Only in America via Russia: Liz Wahl, an anchor in the Washington bureau of RT America (Russia Today) on Wednesday made a grand gesture of announcing her resignation on air from the network. The reason for her decision? She spelled it right out for her viewers: “I cannot be part of a network funded by the Russian government that whitewashes the actions of [Russian President Vladimir] Putin. I’m proud of being an American and believe in disseminating the truth and that’s why after this newscast I’m resigning.”

Woohoo! roared Twitter.

News consumers who descend on the RT website find the outlet’s motto front and center: “QUESTION MORE” A couple of recent headlines: “Questions on Ukraine the West Refuses to Answer.” Also: “Russia’s 25,000-troop allowance & other facts you may not know about Crimea.”

RT fans will also find this interview with former U.S. Rep. Ron Paul, which was conducted by Wahl. It’s titled, “Ron Paul: US Shouldn’t Meddle in Ukraine.” Said Paul in the interview, “I don’t think we have any business there. The Europeans are involved, the Russians are involved.” But Paul said some things that we didn’t get to see, Wahl said on Wednesday night in an interview with CNN’s Anderson Cooper: “The only question that I asked — I asked many questions. I asked about the Russian intervention, you know, he has a very anti-intervention approach. I asked him in the wake of escalation by the Russian military how long — you know, how should we respond to this, how should the U.S. respond to this? And that question was cut out of the interview.”

Along with covering the news in its own way, RT is making news of its own. Before the Wahl resignation, presenter Abby Martin went on air to express her condemnation of the Russian action in Ukraine. She was hailed as a hero of free expression, in large part because of these words: “Just because I work here, for RT, doesn’t mean I don’t have editorial independence and I can’t stress enough how strongly I am against any state intervention in a sovereign nation’s affairs. What Russia did is wrong.”

In her chat with CNN’s Cooper, Wahl described the tilt at RT: “What’s clear is what’s happening right now amid this crisis is that RT is not about the truth. It’s about promoting a Putinist agenda. And I can tell you firsthand, it’s also about bashing America.” The environment at RT also came in for some punishment: “There’s a form of self-censorship that you learn. Eventually you learn what management likes, what management dislikes. Today, especially with the heightened situation in Crimea, overtly questions are being written, very, very loaded questions. Questions basically to paint the picture and to present the Putin perspective in all of this,” Wahl told Cooper.

OK, none of that should surprise anyone who pays fiendish amounts of attention to Russia and the international media. That’s because upon its 2005 founding, Russia Today was introduced as “a perspective on the world from Russia,” founding editor-in-chief Margarita Simonyan told reporters. “Many foreigners are surprised to see that Russia is different from what they see in media reports. We will try to present a more balanced picture.” As Julia Ioffe noted in CJR, the outlet would “ultimately answer directly to its funder, the Kremlin.” The early years of the network, featured gloom-and-doom reportage about how the Iraqi war was going for the United States, and then some: “There also were the more extreme features that would come to define Russia Today in the West, such as the prophesies of fringe authors who predicted a 55 percent chance of civil war and the dissolution of the United States into six distinct territories by July 2010,” writes Ioffe.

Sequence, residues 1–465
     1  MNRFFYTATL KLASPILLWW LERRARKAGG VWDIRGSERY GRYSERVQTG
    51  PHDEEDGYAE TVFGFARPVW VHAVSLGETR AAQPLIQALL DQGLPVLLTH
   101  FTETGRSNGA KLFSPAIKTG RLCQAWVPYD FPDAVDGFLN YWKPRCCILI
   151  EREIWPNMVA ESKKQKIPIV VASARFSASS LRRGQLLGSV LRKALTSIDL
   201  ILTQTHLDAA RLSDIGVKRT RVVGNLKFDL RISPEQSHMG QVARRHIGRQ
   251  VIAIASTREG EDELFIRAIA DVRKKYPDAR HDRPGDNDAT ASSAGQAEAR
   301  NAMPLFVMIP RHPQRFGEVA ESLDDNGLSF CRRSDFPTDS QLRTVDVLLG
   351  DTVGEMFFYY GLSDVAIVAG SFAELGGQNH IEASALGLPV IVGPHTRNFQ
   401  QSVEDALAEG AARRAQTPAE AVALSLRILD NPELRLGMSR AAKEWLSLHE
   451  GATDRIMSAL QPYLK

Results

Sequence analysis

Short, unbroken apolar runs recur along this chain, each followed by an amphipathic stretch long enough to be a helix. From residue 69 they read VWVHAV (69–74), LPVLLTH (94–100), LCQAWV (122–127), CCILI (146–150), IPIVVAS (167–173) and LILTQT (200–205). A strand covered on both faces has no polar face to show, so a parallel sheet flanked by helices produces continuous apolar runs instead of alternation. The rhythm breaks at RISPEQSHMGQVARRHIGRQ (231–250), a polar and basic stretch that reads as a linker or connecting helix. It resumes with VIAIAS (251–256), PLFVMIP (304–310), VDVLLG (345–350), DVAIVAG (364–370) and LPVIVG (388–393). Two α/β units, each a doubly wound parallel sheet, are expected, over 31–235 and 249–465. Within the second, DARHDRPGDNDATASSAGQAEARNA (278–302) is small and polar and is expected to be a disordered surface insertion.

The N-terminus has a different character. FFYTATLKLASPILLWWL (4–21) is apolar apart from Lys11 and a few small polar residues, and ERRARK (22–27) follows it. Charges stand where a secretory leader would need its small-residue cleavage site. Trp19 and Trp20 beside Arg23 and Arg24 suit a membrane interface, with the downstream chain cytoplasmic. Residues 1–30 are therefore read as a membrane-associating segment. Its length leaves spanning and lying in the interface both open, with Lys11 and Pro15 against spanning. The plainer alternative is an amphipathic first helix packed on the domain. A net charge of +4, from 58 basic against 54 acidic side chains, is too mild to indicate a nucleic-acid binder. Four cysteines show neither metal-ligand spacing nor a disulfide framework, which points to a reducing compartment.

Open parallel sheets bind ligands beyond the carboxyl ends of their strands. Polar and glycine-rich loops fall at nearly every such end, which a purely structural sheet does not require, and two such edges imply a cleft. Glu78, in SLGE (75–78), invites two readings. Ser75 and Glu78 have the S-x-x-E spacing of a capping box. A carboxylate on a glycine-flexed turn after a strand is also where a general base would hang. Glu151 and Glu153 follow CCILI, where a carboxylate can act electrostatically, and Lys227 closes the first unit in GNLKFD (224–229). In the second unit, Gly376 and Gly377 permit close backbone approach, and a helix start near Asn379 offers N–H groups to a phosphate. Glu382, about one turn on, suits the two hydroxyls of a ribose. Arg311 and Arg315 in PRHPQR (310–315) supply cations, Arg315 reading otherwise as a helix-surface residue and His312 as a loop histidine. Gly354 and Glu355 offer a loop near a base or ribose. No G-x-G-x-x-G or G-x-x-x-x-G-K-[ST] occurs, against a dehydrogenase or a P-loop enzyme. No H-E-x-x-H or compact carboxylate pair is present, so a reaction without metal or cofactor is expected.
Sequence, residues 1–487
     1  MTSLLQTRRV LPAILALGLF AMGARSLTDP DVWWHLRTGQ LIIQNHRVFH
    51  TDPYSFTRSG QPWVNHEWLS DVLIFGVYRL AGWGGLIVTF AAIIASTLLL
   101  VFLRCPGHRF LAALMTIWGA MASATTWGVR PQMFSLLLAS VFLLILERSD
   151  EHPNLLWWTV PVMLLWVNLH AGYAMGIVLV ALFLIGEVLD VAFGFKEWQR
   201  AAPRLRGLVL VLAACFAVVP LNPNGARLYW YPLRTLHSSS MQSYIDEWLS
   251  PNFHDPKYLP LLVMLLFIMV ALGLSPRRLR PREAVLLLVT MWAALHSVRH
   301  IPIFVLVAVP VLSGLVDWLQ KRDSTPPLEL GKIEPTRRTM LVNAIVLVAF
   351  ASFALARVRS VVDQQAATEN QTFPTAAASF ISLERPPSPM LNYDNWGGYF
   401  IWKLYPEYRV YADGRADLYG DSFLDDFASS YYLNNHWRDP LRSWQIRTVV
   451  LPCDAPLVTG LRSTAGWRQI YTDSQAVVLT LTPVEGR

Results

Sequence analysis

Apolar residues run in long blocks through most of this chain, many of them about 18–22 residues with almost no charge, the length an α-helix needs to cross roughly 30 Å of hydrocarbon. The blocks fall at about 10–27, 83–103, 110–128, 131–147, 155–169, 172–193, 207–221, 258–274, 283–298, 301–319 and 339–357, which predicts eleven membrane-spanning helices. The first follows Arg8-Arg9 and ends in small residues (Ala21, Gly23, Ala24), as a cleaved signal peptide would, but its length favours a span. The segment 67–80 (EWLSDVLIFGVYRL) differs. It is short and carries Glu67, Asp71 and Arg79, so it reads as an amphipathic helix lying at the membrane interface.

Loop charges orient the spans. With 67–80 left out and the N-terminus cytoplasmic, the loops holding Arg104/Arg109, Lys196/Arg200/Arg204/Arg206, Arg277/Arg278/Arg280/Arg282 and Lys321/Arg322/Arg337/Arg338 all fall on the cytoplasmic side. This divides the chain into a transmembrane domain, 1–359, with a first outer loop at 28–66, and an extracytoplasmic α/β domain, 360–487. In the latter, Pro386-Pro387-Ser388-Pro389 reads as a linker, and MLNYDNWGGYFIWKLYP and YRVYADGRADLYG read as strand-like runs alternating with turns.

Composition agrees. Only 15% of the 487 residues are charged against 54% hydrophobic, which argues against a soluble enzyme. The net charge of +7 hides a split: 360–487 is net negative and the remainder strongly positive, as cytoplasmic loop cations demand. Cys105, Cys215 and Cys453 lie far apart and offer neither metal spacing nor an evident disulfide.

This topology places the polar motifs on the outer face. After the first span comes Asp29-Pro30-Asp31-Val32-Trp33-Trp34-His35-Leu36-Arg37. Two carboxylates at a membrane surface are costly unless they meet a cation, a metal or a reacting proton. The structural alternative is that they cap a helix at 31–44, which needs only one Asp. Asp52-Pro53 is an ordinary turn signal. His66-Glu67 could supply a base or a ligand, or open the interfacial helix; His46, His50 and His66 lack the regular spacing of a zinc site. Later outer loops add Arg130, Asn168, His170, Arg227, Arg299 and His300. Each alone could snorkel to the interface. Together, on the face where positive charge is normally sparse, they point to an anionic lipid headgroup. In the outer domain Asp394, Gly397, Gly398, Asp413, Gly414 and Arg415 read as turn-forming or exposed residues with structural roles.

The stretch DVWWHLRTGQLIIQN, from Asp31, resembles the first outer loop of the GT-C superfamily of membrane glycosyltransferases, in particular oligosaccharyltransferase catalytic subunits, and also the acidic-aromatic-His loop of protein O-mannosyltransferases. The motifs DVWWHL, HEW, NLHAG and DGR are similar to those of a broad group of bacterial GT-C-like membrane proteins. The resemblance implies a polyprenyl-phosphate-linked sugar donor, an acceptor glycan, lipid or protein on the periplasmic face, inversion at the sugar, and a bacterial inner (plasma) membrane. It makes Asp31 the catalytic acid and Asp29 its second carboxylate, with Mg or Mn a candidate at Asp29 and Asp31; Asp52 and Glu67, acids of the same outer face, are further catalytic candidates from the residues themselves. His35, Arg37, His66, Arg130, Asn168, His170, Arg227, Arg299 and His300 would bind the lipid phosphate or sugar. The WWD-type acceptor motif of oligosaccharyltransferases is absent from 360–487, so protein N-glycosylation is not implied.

Following Wahl’s resignation, RT issued a statement. It’s long and somewhat rambling, but everyone who cares about media, intellectual freedom and a good laugh should have a close look:

Ms. Wahl’s resignation comes on the heels of her colleague Abby Martin’s recent comments in which she voiced her disagreement with certain policies of the Russian government and asserted her editorial independence. The difference is, Ms. Martin spoke in the context of her own talk show, to the viewers who have been tuning in for years to hear her opinions on current events – the opinions that most media did not care about until two days ago. For years, Ms. Martin has been speaking out against US military intervention, only to be ignored by the mainstream news outlets – but with that one comment, branded as an act of defiance, she became an overnight sensation. It is a tempting example to follow.
When a journalist disagrees with the editorial position of his or her organization, the usual course of action is to address those grievances with the editor, and, if they cannot be resolved, to quit like a professional. But when someone makes a big public show of a personal decision, it is nothing more than a self-promotional stunt.
We wish Liz the best of luck on her chosen path.

No word yet when they’ll break out the cake for Wahl. Judging from Wahl’s comments about the intellectual climate, sending her grievances up the org chart may not have proven too constructive. So she chose a more dramatic path, and good for her: Here in America, if you can stand on principle, stick up for free expression, quit your lousy job and advance your career all in the course of 74 seconds, you do it.

Meanwhile, RT will plow along with its three global news channels (in English, Spanish and Arabic), its 22 bureaus worldwide, its 1,000-plus “media professionals” and its global reach of 644 million people. If this Wahl situation gets too much play, however, all those folks may start concluding that this Kremlin-sponsored outfit isn’t playing it straight.